If the walls could talk, there would be a lot of stories to tell.
This spectacular new penthouse in the former Mt Eden Borough Council building in Auckland was once the council chamber where councillors met to debate every decision pertinent to the borough for more than 60 years.
But the building itself is more than 100 years old. Built in 1912, it was joined 12 years later by the fire station next door.
As with most old buildings, these two have been through numerous additions, alterations and alternative uses, but none as dramatic as the most recent $15 million refurbishment.
Project director Nigel McKenna of development company Templeton Limited and an investment group led by Warwick Goldsmith and Jackie Gillies have completely refurbished both buildings to provide six luxury apartments.
And the creme de la creme of the Chambers & Station redevelopment is this first-floor penthouse within the original chamber. The only apartment yet to be sold, the penthouse has just come onto the market.
McKenna says right from the outset the team, with A Studio Architects, have tried to respect all the spaces, retaining the original scale and proportion and returning each space to its full grandeur.
"Most of the original ceilings were 4m high, but at some point there was some 'modernisation', which saw these changed. We uncovered four false ceilings in one space on the ground floor. After we had pulled out three, we thought we had found the original ceiling, but no, we had to remove yet another one."
The project director also says the fire station building had become a mass of little offices and corridors. "It was hard to see the original dimensions of the space. We even discovered two key structural columns had been removed to open up a wall. The engineers said it must have been 'luck' holding up this part of the building."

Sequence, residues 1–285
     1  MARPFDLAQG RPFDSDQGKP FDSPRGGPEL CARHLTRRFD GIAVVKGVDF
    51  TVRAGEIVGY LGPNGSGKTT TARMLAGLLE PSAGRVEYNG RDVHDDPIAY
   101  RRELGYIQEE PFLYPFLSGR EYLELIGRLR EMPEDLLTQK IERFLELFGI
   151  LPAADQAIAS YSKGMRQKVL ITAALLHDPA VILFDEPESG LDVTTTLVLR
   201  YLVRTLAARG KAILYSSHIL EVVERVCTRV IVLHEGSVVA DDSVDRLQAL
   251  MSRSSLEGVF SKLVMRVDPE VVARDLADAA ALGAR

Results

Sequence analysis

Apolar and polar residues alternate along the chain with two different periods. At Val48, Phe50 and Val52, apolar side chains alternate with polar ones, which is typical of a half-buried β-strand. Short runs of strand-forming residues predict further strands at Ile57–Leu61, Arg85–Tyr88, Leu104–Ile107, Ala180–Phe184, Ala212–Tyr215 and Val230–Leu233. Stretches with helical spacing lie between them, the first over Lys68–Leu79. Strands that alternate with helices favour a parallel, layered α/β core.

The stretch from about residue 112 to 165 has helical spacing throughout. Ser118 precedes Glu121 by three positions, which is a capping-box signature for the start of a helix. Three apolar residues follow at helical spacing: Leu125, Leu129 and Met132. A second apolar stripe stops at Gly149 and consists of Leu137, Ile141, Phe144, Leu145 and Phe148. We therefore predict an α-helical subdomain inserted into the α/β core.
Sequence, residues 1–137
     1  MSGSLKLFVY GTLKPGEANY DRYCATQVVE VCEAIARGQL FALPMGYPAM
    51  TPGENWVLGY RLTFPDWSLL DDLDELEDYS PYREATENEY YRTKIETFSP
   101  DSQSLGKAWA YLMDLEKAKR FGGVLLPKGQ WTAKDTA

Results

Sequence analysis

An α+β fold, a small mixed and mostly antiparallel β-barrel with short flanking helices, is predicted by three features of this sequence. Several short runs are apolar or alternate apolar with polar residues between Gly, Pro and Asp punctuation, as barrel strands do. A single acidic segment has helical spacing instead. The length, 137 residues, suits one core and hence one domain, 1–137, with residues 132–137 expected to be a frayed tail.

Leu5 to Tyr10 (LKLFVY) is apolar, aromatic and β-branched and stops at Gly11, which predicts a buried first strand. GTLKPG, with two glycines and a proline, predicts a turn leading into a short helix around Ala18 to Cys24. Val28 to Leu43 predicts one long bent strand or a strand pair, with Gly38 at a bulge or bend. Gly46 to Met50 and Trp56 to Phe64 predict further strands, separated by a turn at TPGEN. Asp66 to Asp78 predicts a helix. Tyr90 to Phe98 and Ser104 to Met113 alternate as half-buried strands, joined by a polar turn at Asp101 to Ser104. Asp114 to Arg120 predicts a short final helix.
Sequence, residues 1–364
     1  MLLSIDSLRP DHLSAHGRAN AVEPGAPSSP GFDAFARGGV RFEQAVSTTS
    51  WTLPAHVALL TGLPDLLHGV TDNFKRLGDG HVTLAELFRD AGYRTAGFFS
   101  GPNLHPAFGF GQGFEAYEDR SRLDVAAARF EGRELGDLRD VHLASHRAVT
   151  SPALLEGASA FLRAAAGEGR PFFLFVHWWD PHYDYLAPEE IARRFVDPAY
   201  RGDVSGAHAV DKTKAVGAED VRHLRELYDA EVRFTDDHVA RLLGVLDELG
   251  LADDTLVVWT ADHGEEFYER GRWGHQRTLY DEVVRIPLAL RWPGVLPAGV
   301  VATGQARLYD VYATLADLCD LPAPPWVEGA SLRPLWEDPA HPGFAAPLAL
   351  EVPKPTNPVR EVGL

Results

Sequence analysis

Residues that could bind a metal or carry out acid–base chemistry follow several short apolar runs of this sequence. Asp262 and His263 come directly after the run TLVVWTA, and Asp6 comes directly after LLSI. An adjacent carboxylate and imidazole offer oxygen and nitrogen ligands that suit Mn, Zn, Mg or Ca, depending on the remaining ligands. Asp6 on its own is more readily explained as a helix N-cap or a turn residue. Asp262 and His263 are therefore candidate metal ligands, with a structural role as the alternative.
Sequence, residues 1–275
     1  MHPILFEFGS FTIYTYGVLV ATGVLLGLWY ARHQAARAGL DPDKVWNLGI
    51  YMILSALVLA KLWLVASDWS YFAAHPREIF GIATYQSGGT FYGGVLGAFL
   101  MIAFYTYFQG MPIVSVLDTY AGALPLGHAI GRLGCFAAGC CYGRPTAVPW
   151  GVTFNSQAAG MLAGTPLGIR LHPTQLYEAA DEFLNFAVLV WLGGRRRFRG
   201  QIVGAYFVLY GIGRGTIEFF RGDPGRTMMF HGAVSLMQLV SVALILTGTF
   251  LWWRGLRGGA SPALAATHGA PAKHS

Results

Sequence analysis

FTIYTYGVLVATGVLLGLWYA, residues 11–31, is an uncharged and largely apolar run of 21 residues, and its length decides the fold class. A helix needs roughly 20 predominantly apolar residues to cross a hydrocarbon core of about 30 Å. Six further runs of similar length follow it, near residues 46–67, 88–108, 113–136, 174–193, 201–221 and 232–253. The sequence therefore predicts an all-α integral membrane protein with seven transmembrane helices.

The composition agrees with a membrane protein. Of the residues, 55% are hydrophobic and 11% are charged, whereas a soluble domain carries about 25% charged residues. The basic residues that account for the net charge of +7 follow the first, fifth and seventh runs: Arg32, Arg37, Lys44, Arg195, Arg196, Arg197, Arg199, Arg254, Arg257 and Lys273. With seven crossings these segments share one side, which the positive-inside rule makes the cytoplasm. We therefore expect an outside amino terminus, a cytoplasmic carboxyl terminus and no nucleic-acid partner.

McKenna says much of the refurbishment has been crafted by hand. "We had an plasterer working on the interior fibrous plaster restoration for nine months, and another plasterer working on the exterior for a whole year."
The original windows have been retained, but the glass has painstakingly been replaced with double glazing, with every pane needing to be worked on by hand.
Structural elements have been exposed where appropriate and incorporated into the aesthetics of the apartments. The 1912 building is double brick with a solid plaster exterior and timber windows, while the fire station building reflects later construction techniques and is built from reinforced concrete with steel windows.
An L-shaped bay was added to the council building in 1943 and this has been defined in the redevelopment. The master suite of the penthouse within this addition exposes the cornices of the original building – a long skylight enhances the sense of an "add-on".
McKenna says the entire building has undergone seismic strengthening, so the cornices won't fall during an earthquake. "We have spent over $1 million on seismic strengthening alone."
Other key features of the penthouse include a rooftop terrace with outdoor fireplace. A green roof now covers the car park, which was dug out through basalt from ancient lava flows.
The structural engineer for the project was Brown & Thomson and the main contractor was Watts & Hughes.
The penthouse is being marketed by Barfoot & Thompson, with tenders closing on January 26, 2017. The agency says the property will not be sold in advance of this date.